A book I have decided not to get rid of is a small one that arrived in the mail not long ago, a gift from a friend in Ithaca. It is The Elements of Style, by the late William Strunk, Jr., and it was known on the Cornell campus in my day as "the little book," with the stress on the word "little." I must have once owned a copy, for I took English 8 under Professor Strunk in 1919 and the book was required reading, but my copy presumably failed to survive an early purge. I'd not laid eyes on it in thirty-eight years. Am now delighted to study it again and rediscover its rich deposits of gold.

The Elements of Style was Will Strunk's parvum opus, his attempt to cut the vast tangle of English rhetoric down to size and write its rules and principles on the head of a pin. Will himself hung the title "little" on the book: he referred to it sardonically and...

(The entire section is 2874 words.)

P. F. Baum (essay date 1960)

(Twentieth-Century Literary Criticism)

SOURCE: A review of The Elements of Style, in The South Atlantic Quarterly, Vol. LIX, No. 1, Winter, 1960, pp. 128-29.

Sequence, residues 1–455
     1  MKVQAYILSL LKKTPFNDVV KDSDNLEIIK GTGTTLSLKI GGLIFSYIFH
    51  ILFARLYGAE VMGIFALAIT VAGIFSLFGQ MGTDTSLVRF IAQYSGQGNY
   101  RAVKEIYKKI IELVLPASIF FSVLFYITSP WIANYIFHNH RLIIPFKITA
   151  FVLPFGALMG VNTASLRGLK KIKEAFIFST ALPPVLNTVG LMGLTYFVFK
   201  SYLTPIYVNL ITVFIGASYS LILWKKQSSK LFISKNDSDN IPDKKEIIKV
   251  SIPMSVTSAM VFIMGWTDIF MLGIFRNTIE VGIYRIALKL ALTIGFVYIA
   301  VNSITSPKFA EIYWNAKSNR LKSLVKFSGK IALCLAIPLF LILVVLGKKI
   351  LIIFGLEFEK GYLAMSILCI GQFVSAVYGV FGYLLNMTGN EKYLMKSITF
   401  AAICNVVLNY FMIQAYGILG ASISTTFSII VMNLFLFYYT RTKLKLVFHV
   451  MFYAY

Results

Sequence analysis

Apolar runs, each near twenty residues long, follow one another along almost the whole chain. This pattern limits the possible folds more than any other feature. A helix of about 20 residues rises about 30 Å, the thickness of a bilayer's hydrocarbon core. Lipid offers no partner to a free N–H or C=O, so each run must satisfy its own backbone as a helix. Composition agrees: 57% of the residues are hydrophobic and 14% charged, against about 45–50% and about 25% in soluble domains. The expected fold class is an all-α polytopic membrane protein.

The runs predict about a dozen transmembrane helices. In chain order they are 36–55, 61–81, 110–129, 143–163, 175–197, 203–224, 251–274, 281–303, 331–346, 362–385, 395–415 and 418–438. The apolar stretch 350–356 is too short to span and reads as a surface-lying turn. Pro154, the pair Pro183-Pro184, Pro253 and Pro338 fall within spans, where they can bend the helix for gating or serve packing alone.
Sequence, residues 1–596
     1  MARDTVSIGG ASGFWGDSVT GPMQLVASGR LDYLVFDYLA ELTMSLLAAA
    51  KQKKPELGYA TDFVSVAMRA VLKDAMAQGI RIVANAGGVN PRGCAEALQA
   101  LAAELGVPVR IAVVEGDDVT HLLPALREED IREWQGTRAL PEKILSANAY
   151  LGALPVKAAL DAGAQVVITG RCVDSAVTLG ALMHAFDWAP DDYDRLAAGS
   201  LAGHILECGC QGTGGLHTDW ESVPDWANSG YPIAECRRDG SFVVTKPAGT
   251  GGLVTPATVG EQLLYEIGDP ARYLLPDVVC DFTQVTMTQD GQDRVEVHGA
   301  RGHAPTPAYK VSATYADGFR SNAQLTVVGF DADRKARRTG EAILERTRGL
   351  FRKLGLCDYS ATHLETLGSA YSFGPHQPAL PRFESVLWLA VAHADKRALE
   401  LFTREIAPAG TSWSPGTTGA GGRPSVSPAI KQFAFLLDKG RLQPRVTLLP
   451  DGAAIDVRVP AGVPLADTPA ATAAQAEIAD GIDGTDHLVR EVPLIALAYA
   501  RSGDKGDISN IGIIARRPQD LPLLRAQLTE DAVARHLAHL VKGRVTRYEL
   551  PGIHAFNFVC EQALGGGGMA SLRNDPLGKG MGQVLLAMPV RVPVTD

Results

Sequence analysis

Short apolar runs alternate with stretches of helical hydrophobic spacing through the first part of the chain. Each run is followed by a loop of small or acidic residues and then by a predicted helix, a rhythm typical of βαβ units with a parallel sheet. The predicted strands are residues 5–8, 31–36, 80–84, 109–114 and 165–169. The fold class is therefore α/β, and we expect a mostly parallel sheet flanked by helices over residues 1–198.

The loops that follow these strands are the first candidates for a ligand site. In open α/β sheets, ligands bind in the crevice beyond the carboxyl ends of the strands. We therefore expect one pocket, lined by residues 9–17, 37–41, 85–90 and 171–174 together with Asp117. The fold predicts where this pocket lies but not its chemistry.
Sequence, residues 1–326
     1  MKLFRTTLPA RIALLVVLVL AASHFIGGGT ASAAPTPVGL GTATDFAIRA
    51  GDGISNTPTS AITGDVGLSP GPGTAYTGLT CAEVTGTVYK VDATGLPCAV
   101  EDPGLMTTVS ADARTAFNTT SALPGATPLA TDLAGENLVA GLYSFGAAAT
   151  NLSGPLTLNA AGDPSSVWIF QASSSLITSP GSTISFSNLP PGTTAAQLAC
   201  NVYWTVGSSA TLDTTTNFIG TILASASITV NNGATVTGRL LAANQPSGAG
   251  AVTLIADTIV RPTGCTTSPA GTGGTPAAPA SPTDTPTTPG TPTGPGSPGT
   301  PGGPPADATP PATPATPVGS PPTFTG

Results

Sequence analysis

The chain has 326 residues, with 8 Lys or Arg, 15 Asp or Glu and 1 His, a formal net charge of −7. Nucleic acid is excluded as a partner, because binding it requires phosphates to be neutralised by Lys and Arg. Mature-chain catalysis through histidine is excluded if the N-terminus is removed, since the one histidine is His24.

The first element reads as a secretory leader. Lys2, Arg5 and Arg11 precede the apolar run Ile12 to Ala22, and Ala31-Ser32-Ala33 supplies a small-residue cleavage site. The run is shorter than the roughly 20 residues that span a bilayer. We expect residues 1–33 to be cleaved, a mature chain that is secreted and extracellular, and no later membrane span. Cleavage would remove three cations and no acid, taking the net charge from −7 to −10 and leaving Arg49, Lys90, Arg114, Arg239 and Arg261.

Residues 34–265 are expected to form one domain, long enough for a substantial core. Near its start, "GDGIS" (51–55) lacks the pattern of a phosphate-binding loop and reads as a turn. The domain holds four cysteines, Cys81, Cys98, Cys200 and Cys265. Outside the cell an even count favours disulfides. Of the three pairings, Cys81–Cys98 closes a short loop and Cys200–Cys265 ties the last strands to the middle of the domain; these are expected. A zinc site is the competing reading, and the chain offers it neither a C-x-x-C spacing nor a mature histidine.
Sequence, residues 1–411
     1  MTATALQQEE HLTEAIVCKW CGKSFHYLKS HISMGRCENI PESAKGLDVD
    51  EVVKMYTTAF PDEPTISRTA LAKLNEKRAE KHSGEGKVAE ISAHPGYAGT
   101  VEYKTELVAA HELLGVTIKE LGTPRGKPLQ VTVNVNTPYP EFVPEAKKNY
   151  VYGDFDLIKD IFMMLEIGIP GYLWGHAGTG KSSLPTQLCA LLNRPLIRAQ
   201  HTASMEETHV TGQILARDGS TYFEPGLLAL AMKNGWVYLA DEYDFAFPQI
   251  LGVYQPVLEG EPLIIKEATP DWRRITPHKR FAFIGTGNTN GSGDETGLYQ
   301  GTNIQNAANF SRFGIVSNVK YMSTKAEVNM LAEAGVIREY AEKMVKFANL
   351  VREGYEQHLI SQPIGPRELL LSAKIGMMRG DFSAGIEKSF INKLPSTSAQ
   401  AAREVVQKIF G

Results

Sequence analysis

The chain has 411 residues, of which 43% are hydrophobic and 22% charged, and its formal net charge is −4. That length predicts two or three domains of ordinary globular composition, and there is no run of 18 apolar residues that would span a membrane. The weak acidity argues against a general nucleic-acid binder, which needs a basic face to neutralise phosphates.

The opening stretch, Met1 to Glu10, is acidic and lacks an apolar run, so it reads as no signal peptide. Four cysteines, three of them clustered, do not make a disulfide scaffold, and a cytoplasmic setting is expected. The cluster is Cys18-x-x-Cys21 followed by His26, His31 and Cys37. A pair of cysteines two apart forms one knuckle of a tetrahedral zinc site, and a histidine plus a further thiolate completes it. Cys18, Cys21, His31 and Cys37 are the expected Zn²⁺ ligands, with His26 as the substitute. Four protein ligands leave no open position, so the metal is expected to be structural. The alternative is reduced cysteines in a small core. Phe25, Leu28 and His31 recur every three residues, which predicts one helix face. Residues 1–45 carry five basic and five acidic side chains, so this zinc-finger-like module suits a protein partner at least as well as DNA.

[In the following essay, Baum provides a favorable assessment of White's revision of The Elements of Style.

It is a melancholy thought, sometimes, that the language we are born to, which we practice daily—speaking, reading, and occasionally writing—should be so vexatious when we are asked to use it properly. Custom never seems to mitigate its infinite complexity. In the home and in secondary schools something is done about it; but there the Law of Hydrostatics is operant. In the colleges Freshman English is a perpetual trial, when the poor...

(The entire section is 646 words.)

Robert Kanigel (essay date 1982)

(Twentieth-Century Literary Criticism)

SOURCE: A review of The Elements of Style, in Los Angeles Times Book Review, August 22, 1982, p. 4.

[In the following laudatory review, Kanigel deems The Elements of Style as a "monument to clear thinking cleanly voiced. "]